The research also raised some questions about the reprogrammed cells - which are also known as induced pluripotent stem cells, or IPS cells. The technology was touted in 2007 as a way to solve the ethical problems associated with destroying human embryos, but it could carry its own brand of ethical baggage. Experiments indicated that IPS cells could be used to create clones of any individual, dead or alive.

Lanza's main concern is that the technology could let someone tinker with the human genome in such a way that the tinkering is passed down from one generation to the next through sperm, egg and embryo - an enduring genetic chain known as the "germline."  That could be done for seemingly good reasons: to build in resistance to disease, for instance, or to make us smarter or longer-lived. But like most science-fiction plots, such good intentions could have undesired consequences.

This week, I spoke with Lanza about his latest research and his latest concerns about IPS cells, as well as his observations on evolution and the fresh perspectives he'll be putting forth in "Biocentrism," an upcoming book on a biology-based theory of everything. Here's a trimmed-down taste of the conversation, fine-tuned with some follow-up e-mails:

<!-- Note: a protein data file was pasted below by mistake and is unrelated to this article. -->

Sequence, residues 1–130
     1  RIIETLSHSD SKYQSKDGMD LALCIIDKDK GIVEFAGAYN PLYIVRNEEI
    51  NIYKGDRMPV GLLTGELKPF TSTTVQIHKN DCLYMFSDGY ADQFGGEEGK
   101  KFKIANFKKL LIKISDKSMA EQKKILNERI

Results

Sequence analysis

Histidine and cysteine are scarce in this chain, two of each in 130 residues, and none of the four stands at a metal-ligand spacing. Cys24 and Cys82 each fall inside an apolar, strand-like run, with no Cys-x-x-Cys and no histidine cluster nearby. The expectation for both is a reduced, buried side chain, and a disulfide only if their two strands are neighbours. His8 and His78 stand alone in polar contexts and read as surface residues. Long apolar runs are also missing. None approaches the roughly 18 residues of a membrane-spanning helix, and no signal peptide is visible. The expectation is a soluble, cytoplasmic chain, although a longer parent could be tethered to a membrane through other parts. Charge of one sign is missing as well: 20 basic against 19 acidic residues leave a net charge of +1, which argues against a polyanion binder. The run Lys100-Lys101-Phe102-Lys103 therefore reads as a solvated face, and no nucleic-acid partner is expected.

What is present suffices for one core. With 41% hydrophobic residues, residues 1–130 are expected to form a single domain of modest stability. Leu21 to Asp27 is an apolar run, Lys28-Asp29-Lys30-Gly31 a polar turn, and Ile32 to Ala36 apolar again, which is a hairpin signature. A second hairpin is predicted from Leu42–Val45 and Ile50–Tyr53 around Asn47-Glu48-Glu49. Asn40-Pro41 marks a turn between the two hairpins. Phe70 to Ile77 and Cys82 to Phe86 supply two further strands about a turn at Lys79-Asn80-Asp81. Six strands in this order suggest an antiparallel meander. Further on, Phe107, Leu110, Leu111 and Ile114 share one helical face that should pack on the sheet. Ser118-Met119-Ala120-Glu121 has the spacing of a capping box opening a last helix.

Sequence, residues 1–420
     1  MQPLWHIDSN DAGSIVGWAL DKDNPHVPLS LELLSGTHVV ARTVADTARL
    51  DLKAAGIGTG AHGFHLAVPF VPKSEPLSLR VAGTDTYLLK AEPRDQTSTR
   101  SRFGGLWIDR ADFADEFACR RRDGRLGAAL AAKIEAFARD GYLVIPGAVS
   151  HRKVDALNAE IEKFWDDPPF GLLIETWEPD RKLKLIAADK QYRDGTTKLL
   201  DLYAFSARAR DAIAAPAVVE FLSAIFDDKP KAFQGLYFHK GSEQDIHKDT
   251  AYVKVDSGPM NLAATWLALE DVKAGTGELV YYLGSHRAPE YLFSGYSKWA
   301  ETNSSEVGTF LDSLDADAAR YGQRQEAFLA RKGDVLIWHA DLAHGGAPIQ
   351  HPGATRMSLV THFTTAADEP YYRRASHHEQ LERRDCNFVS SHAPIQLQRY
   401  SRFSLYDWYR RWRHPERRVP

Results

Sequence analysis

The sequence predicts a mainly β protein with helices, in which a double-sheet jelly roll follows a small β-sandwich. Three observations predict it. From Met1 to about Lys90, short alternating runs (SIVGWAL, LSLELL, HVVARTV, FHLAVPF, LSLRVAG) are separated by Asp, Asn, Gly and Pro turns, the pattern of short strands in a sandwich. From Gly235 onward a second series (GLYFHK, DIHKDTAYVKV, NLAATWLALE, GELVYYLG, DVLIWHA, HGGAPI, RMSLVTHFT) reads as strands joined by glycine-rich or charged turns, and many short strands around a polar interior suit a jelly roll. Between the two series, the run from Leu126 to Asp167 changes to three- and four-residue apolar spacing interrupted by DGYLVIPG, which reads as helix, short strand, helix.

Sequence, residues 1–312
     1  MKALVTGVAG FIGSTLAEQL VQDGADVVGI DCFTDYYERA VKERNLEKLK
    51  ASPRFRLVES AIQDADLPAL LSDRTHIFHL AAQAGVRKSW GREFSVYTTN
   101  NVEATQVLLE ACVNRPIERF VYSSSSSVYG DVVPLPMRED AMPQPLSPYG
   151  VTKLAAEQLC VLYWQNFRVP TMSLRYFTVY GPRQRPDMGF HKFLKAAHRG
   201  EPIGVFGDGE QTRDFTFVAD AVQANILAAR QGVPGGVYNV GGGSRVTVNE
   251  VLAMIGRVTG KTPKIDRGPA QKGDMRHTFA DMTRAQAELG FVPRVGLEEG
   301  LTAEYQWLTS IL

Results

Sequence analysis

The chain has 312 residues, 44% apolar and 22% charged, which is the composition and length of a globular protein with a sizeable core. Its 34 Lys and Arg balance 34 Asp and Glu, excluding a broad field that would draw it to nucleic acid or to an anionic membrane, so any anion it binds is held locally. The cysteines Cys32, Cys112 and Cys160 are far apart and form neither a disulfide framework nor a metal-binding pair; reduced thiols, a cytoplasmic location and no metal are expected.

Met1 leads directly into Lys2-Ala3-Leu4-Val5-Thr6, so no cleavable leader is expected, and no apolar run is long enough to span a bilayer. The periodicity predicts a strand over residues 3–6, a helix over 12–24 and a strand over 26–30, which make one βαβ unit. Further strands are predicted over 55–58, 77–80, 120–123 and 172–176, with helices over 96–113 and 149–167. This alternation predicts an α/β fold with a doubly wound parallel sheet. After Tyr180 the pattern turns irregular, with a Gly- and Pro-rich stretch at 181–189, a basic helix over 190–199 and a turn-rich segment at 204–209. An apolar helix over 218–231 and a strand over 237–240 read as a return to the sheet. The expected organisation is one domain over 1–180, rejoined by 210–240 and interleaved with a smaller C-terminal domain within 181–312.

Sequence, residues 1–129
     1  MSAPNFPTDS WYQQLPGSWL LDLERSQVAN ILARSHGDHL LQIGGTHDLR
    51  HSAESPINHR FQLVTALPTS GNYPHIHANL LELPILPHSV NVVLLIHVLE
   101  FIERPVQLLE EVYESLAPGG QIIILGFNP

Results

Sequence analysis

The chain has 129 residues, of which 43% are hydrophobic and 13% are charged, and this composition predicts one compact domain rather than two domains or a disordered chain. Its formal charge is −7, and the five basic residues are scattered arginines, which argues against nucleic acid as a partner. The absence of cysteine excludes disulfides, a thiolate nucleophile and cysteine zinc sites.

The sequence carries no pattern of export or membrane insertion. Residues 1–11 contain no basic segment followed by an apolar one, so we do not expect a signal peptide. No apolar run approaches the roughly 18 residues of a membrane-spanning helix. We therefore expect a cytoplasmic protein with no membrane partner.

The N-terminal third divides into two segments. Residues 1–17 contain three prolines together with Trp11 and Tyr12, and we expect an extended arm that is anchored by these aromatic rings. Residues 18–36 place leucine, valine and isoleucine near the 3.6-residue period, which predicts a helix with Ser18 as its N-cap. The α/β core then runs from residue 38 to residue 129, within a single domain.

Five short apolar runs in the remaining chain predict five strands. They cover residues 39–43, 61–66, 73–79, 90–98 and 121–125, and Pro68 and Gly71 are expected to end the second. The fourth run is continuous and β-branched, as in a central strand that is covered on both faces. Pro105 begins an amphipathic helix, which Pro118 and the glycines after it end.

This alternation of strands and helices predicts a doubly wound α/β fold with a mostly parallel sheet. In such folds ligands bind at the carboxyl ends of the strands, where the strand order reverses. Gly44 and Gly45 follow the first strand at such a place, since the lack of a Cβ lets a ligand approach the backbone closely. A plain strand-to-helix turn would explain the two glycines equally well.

Cosmic Log: Last week you published some research that related to the implications of IPS cell research for animal-human hybrid cells, as well as the prospects for human cloning. I saw some reports about that study indicating that a type of reproductive human cloning is doable, and that could set some alarm bells ringing.

Lanza: Well, yes. I think the first point of this particular paper was that the animal eggs didn't seem to be a suitable substitute for human eggs. In our particular lab, we tried hundreds of experiments trying to create patient-specific stem cells using animal eggs. And we got beautiful little hybrid embryos, but it didn't work, no matter how hard we tried.

We've had lots of experience with this. We've cloned entire herds of cows - in fact, we cloned a couple of endangered species using cow eggs. But despite all the tricks we attempted, we were unable to have any success. Then we looked at what was going on inside the cells. Up until now, people generally looked at pictures or looked under the microscope, but we assessed the complete gene profile. And we found that basically the eggs from the animals turned the genes off that we hoped would have been turned on.